- 17 Nov - 23 Nov, 2018
- 02 Sep - 08 Sep, 2017
If you thought that the doll in The Conjuring and Annabelle was creepy, this movie will make it clear why Ed and Lorraine Warren – paranormal investigator husband and wife of this film series – have handled this doll with caution. My advice is to move that doll to where no one can get to it, as a precautionary measure. It is also safe to assume that this movie will frighten the logic out of you.
Annabelle: Creation is Annabelle’s prequel. It’s about when the doll was made, how a demon came to reside in it and brought horror to the family. The film ties into Annabelle and The Conjuring. The story begins in 1943. An older couple, Samuel (Anthony LaPaglia) and Ester Mullins (Miranda Otto), have a seven-year-old daughter named Annabelle (Samara Lee) who they cherish, as they had her after a long wait. But tragedy soon hits them, and Annabelle dies in an accident. Jump to 1955, when the Mullins decide to help out the church and take in homeless girls with a Sister Charlotte (Stephanie Sigman) to look after them. The girls are a cheerful lot. Two, in particular, stand out from the crowd are best friends: Janice (Talitha Bateman) and Linda (Lulu Wilson). Janice suffers from polio, walks with crutches, but is a happy soul.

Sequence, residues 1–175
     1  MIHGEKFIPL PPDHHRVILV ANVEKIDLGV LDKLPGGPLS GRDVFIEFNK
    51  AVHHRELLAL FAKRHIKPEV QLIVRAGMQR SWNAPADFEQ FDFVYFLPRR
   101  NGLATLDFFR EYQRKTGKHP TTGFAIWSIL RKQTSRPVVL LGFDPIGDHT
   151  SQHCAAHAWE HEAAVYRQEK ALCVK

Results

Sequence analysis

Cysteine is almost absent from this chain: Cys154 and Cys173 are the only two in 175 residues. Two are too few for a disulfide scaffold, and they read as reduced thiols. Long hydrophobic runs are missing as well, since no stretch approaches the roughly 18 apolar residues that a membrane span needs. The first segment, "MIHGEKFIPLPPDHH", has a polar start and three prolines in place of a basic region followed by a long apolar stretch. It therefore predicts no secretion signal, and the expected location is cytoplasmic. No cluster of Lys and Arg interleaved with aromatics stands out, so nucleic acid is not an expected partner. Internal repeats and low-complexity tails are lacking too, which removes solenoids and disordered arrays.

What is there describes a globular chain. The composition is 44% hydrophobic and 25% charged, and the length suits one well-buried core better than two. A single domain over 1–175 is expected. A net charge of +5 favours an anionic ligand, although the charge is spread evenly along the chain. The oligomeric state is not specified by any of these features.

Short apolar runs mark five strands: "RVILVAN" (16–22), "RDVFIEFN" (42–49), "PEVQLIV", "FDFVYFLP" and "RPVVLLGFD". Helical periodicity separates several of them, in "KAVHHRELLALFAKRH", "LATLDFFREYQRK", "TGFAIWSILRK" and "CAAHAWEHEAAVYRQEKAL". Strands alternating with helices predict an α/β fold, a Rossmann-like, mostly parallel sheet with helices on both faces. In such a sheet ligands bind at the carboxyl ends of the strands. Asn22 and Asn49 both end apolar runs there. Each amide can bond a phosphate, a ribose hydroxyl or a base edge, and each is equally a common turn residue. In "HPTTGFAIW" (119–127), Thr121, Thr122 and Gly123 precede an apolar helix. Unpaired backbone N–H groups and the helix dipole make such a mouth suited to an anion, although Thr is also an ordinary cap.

After the girls settle in, it is made clear that the Mullins are a sad lot. Mrs. Mullins is bedridden after an accident and Mr. Mullins doesn’t talk much. Mean ambiences get right to work from the very first night, when Janice gets inquisitive of the room that is barred for everyone. So, as Janice gets closer to the room, Annabelle starts appearing with no good intentions. The movie is of horror fun: right from the get-go there are creeping and jump scares – but not the cheap, fake kind. Here it’s the real thing doing all the frightening. When the jolts start coming, they come relentlessly.
James Wan – the director and producer of both, Conjuring’s as well as Insidious movies, and the producer of Annabelle – is consistent in his depiction of demonic entities, not ghosts, as unexplained evils. David F. Sandberg, the film’s director, impresses in Annabelle: Creation. His debut film Lights Out was a hit and a miss, but this film is a frightener that won’t let you take a breather.